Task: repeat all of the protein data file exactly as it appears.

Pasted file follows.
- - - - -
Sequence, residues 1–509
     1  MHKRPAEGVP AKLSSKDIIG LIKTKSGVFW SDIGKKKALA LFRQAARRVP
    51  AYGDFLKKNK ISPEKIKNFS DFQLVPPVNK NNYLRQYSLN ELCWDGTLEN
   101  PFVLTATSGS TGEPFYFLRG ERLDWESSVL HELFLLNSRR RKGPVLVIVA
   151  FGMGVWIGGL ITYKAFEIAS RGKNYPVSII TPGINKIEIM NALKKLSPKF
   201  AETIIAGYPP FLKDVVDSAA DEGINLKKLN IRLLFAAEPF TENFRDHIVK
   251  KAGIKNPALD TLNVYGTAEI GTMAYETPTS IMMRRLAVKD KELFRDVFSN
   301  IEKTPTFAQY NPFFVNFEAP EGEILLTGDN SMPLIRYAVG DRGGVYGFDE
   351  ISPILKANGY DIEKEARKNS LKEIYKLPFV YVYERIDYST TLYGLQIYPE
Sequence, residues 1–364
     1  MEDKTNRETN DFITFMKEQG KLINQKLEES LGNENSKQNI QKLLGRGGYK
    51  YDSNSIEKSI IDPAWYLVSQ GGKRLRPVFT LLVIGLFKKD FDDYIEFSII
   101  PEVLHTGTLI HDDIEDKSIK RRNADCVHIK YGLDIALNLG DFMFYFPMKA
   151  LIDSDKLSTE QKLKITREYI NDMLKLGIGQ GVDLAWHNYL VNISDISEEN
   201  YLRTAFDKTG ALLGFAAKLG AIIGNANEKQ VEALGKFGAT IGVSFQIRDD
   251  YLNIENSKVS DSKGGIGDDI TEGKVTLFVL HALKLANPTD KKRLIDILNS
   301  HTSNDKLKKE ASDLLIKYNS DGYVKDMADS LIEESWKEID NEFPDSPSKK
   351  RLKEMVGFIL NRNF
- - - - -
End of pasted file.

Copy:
Sequence, residues 1–509
     1  MHKRPAEGVP AKLSSKDIIG LIKTKSGVFW SDIGKKKALA LFRQAARRVP
    51  AYGDFLKKNK ISPEKIKNFS DFQLVPPVNK NNYLRQYSLN ELCWDGTLEN
   101  PFVLTATSGS TGEPFYFLRG ERLDWESSVL HELFLLNSRR RKGPVLVIVA
   151  FGMGVWIGGL ITYKAFEIAS RGKNYPVSII TPGINKIEIM NALKKLSPKF
   201  AETIIAGYPP FLKDVVDSAA DEGINLKKLN IRLLFAAEPF TENFRDHIVK
   251  KAGIKNPALD TLNVYGTAEI GTMAYETPTS IMMRRLAVKD KELFRDVFSN
   301  IEKTPTFAQY NPFFVNFEAP EGEILLTGDN SMPLIRYAVG DRGGVYGFDE
   351  ISPILKANGY DIEKEARKNS LKEIYKLPFV YVYERIDYST TLYGLQIYPE
Sequence, residues 1–364
     1  MEDKTNRETN DFITFMKEQG KLINQKLEES LGNENSKQNI QKLLGRGGYK
    51  YDSNSIEKSI IDPAWYLVSQ GGKRLRPVFT LLVIGLFKKD FDDYIEFSII
   101  PEVLHTGTLI HDDIEDKSIK RRNADCVHIK YGLDIALNLG DFMFYFPMKA
   151  LIDSDKLSTE QKLKITREYI NDMLKLGIGQ GVDLAWHNYL VNISDISEEN
   201  YLRTAFDKTG ALLGFAAKLG AIIGNANEKQ VEALGKFGAT IGVSFQIRDD
   251  YLNIENSKVS DSKGGIGDDI TEGKVTLFVL HALKLANPTD KKRLIDILNS
   301  HTSNDKLKKE ASDLLIKYNS DGYVKDMADS LIEESWKEID NEFPDSPSKK
   351  RLKEMVGFIL NRNF